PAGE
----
4 Ways Your Arbitrage Model Is Depleting the User Experience (And How to Fix It)

The arbitrage game is not for everyone — it requires creativity, savviness, and hustle to take a site and turn it into a solid and consistent business.

Many content-dominated sites with arbitrage-based revenue models, especially those who rely solely on programmatic revenue, often get a bad rap for seemingly sacrificing the user experience for a quick and easy profit. But, just as we covered in our recent report with the IAB, Short-Term Versus Long-Term Profitability, prioritizing the user experience is key to maintaining a long-term publisher business, specifically from the buy-side context.

If you’ve noticed that bounce rates are high and engagement is low, this could mean that something on-site isn’t up to par with the enticing ads you’re putting out there.

The good news is that Outbrain has worked with arbitrage sites of all sizes for over a decade, and over the years, we’ve learned that there are ways to combat this.

Below are the four strategies to avoid for a better marriage between arbitrage and the user experience — and instead, actions to take to drive higher performance and overall site quality:

  1. Your headlines leave too much to the imagination
  2. Mo’ ads, mo’ problems
  3. The spinning wheel of death
  4. You’re milking that slide depth

1. Your headlines leave too much to the imagination

Short attention spans often call for short headlines — but short often means vague.

Of course, headlines that are too long will get cut off in an ad unit. And sure, these extremes might add a certain mystique to your ad — and hey, you might even enjoy a higher clickthrough rate for it. But, in either case, most consumers can’t be quite sure what they’re clicking into, which often drives much less time on site.

Finding that sweet spot for headline length means piquing your audience’s curiosity with just enough of a preview of what’s to come.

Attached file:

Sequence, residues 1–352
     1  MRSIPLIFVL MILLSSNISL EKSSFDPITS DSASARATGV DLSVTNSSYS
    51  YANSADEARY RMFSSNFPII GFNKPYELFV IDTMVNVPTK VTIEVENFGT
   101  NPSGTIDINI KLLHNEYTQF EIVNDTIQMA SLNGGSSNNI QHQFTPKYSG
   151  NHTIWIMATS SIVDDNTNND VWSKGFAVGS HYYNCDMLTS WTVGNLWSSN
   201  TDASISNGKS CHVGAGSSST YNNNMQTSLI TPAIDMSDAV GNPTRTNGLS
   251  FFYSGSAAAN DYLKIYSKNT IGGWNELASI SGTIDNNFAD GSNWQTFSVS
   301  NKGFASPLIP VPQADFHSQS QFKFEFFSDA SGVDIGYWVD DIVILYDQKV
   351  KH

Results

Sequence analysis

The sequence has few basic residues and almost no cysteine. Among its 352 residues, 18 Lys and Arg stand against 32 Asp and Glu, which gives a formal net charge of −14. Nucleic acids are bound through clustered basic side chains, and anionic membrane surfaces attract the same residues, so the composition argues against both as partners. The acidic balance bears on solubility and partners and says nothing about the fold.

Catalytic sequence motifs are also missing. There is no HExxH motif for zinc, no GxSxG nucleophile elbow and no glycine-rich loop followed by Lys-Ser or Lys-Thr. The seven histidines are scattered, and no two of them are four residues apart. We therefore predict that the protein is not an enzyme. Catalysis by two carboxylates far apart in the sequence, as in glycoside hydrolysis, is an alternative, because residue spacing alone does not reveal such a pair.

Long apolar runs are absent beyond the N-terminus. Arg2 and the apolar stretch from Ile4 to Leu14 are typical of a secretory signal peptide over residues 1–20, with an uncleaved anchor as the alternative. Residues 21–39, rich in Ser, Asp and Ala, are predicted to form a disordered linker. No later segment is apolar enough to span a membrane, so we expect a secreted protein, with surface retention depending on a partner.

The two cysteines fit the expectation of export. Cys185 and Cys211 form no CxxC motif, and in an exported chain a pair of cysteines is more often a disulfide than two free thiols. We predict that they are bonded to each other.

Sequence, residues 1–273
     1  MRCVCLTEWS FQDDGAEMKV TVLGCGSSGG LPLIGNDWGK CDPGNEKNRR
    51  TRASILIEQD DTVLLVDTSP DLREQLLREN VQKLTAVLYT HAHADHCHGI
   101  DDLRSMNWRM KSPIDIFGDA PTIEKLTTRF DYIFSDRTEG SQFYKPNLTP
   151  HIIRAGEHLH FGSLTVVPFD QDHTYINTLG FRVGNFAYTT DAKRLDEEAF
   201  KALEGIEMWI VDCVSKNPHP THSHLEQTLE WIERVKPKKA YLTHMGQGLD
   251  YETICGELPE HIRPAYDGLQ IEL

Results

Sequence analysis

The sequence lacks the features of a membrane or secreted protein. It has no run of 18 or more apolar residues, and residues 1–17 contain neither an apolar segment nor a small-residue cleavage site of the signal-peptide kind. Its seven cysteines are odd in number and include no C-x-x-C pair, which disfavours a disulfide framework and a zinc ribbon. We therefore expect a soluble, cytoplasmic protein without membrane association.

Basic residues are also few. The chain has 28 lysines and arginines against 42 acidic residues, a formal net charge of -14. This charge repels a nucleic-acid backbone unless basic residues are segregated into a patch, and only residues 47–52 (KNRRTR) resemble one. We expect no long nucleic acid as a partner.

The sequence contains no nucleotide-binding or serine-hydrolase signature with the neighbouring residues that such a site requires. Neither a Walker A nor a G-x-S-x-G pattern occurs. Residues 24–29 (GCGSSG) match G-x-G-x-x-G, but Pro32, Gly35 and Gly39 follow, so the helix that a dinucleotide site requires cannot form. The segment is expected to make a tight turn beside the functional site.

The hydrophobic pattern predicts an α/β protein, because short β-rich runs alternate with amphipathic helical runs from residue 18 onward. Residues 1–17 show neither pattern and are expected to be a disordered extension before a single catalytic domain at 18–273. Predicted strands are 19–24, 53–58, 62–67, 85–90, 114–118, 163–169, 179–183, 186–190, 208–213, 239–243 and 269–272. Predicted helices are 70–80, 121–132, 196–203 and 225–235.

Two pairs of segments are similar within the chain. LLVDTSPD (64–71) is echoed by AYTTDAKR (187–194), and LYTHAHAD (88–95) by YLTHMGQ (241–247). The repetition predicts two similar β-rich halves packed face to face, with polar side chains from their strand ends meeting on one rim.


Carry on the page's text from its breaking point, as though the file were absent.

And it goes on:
When promoting content on Outbrain’s network, we’ve found this Goldie Locks headline length to be 50-69 characters.

💡 Publisher Action: Keep a moderate headline length to up your chances of combining the best of both worlds — strong clickthrough rates and meaningful (cough cough, profitable) engagement.

2. Mo’ ads, mo’ problems

Keeping up with the short attention spans theme, consumers’ attention (and patience) can only spread so thin when ten display ads, two videos, and an interstitial are distracting them from the content they came to your site for.

And since arbitrage monetization depends on audience engagement, it’s important to set up your site experience in a way that makes them want to stay, rather than encourage them to leave with ad over-inundation. But oftentimes, content consumers get bombarded with an overly dense ad layout, making visiting the article feel like an ambush.

While it may be tempting to try maximizing programmatic revenue by loading as many ad units onto each article, slide, and reload as possible, too frequently this leaves the user with a crowded ad experience that overpowers the senses — in addition to slowing down the page load. And on the monetization front, programmatic yield decreases with an increased number of ads per page, rather than increases.

💡 Publisher Action: Dedicate at least 70% of your article to non-ad content, and avoid using pop-ups, loud auto-play videos, or other ad formats that disrupt the content that the consumer wants to see.

3. The spinning wheel of death